Last week, The New York Times ran a controversial piece on the poor working conditions inside the factories of Apple’s supply chain. The report detailed awful labor practices including mandatory 60+ work weeks and hazardous working environments.
One of the many questions that arose in the wake of the article is, “why doesn’t Apple just make its products here in the USA?” That would mean more jobs for Americans, and labor laws to protect the workers. But what many folks don’t realize is that a lot of Apple’s handset is already made in the US…
“A report written by three U.S. professors showed that only about “$10 or less in direct labor wages goes into an iPhone or iPad is paid to Chinese workers.” The report points out that while Apple products — including components — are manufactured in China, the primary benefits go to the U.S. economy because Apple continues to keep most of its product design, software development, product management, marketing and other high-wage functions in the U.S., not China. China’s role is more of an assembler.”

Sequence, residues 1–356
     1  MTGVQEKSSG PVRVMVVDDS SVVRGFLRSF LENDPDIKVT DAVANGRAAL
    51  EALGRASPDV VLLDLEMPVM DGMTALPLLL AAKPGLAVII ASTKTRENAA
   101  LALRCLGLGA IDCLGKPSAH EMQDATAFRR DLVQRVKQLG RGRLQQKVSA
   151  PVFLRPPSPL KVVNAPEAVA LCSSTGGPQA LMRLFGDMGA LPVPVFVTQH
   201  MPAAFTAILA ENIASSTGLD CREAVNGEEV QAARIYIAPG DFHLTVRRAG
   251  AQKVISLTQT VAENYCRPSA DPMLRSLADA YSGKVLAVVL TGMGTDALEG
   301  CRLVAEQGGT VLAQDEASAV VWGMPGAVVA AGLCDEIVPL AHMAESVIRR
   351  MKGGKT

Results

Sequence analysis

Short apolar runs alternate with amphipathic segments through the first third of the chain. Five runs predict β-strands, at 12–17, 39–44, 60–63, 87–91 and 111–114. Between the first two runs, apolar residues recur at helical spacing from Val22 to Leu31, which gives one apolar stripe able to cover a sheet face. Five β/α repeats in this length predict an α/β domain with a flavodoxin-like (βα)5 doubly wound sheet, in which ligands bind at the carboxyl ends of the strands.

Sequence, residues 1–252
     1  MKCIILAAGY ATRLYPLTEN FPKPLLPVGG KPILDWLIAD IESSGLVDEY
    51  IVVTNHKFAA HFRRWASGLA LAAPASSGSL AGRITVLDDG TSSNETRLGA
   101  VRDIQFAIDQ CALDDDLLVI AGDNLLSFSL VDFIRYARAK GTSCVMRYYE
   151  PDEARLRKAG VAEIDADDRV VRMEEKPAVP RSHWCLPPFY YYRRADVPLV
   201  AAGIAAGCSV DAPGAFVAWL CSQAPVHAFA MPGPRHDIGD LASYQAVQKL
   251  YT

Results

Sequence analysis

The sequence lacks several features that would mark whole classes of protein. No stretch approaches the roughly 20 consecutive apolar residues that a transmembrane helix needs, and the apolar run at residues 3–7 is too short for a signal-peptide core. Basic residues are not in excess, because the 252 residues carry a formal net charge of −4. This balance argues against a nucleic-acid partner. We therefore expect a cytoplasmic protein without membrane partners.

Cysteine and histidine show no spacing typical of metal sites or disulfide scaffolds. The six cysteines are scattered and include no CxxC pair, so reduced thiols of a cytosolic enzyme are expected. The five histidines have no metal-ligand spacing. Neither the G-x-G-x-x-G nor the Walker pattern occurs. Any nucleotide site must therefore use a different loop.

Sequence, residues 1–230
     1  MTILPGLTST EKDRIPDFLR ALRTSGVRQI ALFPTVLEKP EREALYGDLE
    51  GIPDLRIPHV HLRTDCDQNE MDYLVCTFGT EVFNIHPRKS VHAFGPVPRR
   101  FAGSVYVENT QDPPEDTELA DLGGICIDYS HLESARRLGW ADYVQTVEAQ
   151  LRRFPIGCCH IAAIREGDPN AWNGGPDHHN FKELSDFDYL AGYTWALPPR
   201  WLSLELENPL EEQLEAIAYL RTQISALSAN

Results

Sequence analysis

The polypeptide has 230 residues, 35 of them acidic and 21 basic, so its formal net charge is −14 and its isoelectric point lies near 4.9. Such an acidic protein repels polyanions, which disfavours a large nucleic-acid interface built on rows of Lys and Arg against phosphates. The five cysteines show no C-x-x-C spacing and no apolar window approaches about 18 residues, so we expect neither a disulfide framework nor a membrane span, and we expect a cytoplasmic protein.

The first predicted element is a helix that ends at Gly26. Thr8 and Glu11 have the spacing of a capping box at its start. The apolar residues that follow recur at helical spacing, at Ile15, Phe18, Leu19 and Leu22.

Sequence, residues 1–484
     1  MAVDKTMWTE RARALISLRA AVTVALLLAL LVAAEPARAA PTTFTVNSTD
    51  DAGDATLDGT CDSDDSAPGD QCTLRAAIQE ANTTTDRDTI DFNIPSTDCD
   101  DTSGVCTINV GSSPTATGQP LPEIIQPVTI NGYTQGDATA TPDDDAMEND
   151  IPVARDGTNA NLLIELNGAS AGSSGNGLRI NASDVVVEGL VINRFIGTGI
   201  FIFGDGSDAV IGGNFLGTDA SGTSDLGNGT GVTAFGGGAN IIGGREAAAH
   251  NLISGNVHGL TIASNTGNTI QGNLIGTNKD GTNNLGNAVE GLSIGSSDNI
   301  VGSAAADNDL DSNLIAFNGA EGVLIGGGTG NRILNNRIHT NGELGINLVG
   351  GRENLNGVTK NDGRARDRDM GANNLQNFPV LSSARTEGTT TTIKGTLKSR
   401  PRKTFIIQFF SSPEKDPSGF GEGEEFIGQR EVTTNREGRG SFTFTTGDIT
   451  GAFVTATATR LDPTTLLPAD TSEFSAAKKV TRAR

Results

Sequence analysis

Apple has a long list of people on its payroll that work directly on the iPhone. From top designers like Jony Ive and Scott Forstall, all the way down to low-level engineers and programmers, thousands of people have a hand in creating the popular handset. In the grand scheme of things, iPhone assembly — while obviously vital to the device’s existence — is just a small piece of what makes up the pie.
And the fact of the matter is that labor has been, and for the foreseeable future will be, cheaper in China than in the US. The United States has laws like minimum wage and organizations like OSHA (Occupational Safety and Health Administration) that would drive up Apple’s costs substantially. It’s sad, but it’s true.